The broad market indices ended the month of December and the 2015 year with mixed results.
The S&P 500 was down 1.75% in December and 0.73% for the year, the Dow dropped 1.66% in December but was up 2.28% for the year.
The NASDAQ was the only index to finish positive for the month and year at 1.82% and 1.11%, respectively.
On December 3, 2015, Mario Draghi, President of the European Central Bank, announced that the ECB will expand its bond- purchase program and cut the already negative deposit rate to encourage lending.
However, the stimulus proposal fell short of investors’ expectations and the European and U.S. markets dropped as a result.
On December 16, 2015, the Fed raised interest rates for the first time in nearly a decade to 0.25%, but the reaction was muted, as the market already expected the tightening.
Instead of an expected Santa Claus rally in the last week of December, the market sold off in the latter portion as investors took profits off table for the year and oil prices continued to decrease.
The first few days of January have been extremely volatile to say the least, with the market already down 4.93% for 2016 in just four trading days as of January 7.
The sell-off has been from a combination of geopolitical conflicts, oil prices, and concerns over the Chinese economy.
The S&P 500 closed the first trading day of the year down 1.53% after the Shanghai Composite tanked 6.26% earlier in the day to its lowest level in three months.
Caixin’s China Composite PMI had dropped to 49.4 in December from 50.5 the previous month, prompting the sell-off in China and worldwide.
The day before the markets opened this year, Saudi Arabia cut diplomatic ties with Iran after Saudis’ execution of an outspoken Shiite cleric, Sheikh Nimr al-Nimr, and protesters stormed the Saudi Embassy in Tehran in retaliation.
Oil prices continued to recede as a result, as investors fear that tensions between Iran and Saudi Arabia could lead to a severe price war in an already oversupplied market.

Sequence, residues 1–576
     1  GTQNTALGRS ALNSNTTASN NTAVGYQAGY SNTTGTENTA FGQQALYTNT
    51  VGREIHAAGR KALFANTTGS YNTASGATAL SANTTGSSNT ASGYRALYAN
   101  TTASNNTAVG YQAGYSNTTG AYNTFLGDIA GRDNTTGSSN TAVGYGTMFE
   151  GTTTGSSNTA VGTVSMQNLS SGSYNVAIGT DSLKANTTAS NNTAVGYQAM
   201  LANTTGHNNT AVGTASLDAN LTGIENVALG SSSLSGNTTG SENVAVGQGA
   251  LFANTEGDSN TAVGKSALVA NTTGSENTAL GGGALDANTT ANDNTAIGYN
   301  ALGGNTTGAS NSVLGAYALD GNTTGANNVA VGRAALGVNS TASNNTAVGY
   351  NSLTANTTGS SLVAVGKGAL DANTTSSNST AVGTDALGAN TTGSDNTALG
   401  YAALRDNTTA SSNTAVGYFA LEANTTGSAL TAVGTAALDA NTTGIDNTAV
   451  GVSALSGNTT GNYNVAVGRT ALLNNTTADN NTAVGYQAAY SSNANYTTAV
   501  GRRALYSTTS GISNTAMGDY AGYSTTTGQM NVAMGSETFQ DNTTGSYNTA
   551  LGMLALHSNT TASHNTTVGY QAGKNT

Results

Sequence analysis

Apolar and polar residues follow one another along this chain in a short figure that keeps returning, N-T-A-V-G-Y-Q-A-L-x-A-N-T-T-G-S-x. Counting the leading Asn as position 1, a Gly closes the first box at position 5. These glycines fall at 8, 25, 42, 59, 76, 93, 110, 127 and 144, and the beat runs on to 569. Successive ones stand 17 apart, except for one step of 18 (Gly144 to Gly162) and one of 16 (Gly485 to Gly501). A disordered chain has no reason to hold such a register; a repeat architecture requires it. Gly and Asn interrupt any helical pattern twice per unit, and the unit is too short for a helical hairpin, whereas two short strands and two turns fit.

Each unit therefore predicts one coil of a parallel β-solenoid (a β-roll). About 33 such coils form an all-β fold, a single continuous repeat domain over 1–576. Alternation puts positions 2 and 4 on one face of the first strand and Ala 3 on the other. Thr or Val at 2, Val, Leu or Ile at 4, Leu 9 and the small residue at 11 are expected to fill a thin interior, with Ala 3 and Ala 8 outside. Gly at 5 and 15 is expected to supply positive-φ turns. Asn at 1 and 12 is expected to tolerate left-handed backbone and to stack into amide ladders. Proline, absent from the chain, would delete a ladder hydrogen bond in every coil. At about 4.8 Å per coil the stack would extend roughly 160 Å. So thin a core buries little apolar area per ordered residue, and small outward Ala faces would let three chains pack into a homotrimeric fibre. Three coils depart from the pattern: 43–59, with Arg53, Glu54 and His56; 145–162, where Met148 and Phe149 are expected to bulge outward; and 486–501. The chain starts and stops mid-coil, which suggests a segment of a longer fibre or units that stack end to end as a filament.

On January 6 the market dropped again when North Korea claimed it detonated what it claimed was a hydrogen bomb, further increasing international tension.
The commodities market remains depressed. Oil prices continue to slide from strain in the Middle East and prolonged oversupply, plunging 17.84% from November 30, 2015 thru January 6, 2016 and hitting a new low of 33.77 on January 6, 2016.
Natural gas prices dropped to a low of $1.684 MMBtu on December 18, 2015 and has since risen to $2.284 MMBtu as of January 6, 2016.
However, prices remain low as production and storage inventories have hit record levels and fourth-quarter temperatures were much warmer than normal.
Gold hit new highs of $1,092.10 on January 6, 2015 as investors seek a safe haven amidst the equity market pullback and rising anxiety in the world marketplace.
The U.S. dollar finally lost strength in December but has picked up steam again in 2016, with renewed fears about China’s economy and global currencies falling against the dollar.
The U.S. Dollar Index is currently at 99.30 as of January 6, 2016.
The 10-year treasury yield continued to rise from 2.21% to 2.27% in December, buoyed by the Fed’s decision to raise interest rates, but has since fallen in 2016 as the stock market sell-off increased the demand for the safer asset, which raises price and lowers yield.
Many of the factors causing the recent sell-off in the equity markets have been external and old news.
China has been intentionally shifting to a consumer and services driven economy, so it is only natural for the manufacturing PMI to decline.
In fact, China’s services sector actually continued to expand in December, as the Caixin China Services Purchasing Manager’s Index was 50.2 in December, above the 50-point level between expansion and contraction.
The Caixin China Composite Output Index released on Sunday included both manufacturing and services data, which naturally would be lower than the services only index.
2015 fourth quarter earnings season will kick-off third week of January.
Performance reports and forecasts that are below expectations and pessimistic could accelerate a further sell-off in the market.
Our outlook for 2016 is bearish as the global economy continues to be weak, commodities remain in a bear market, and geopolitical tensions have been increasing.
The stock market has also been at all-time highs and, in our opinion, is due for a correction.
We believe we could easily see a correction of 15% or more this year and are vigilantly watching the markets to protect our clients’ portfolios against the downside.
We already heavily reduced exposure in our portfolios at the tail end of December and will consider going into the inverse of the market if fundamentals continue to deteriorate.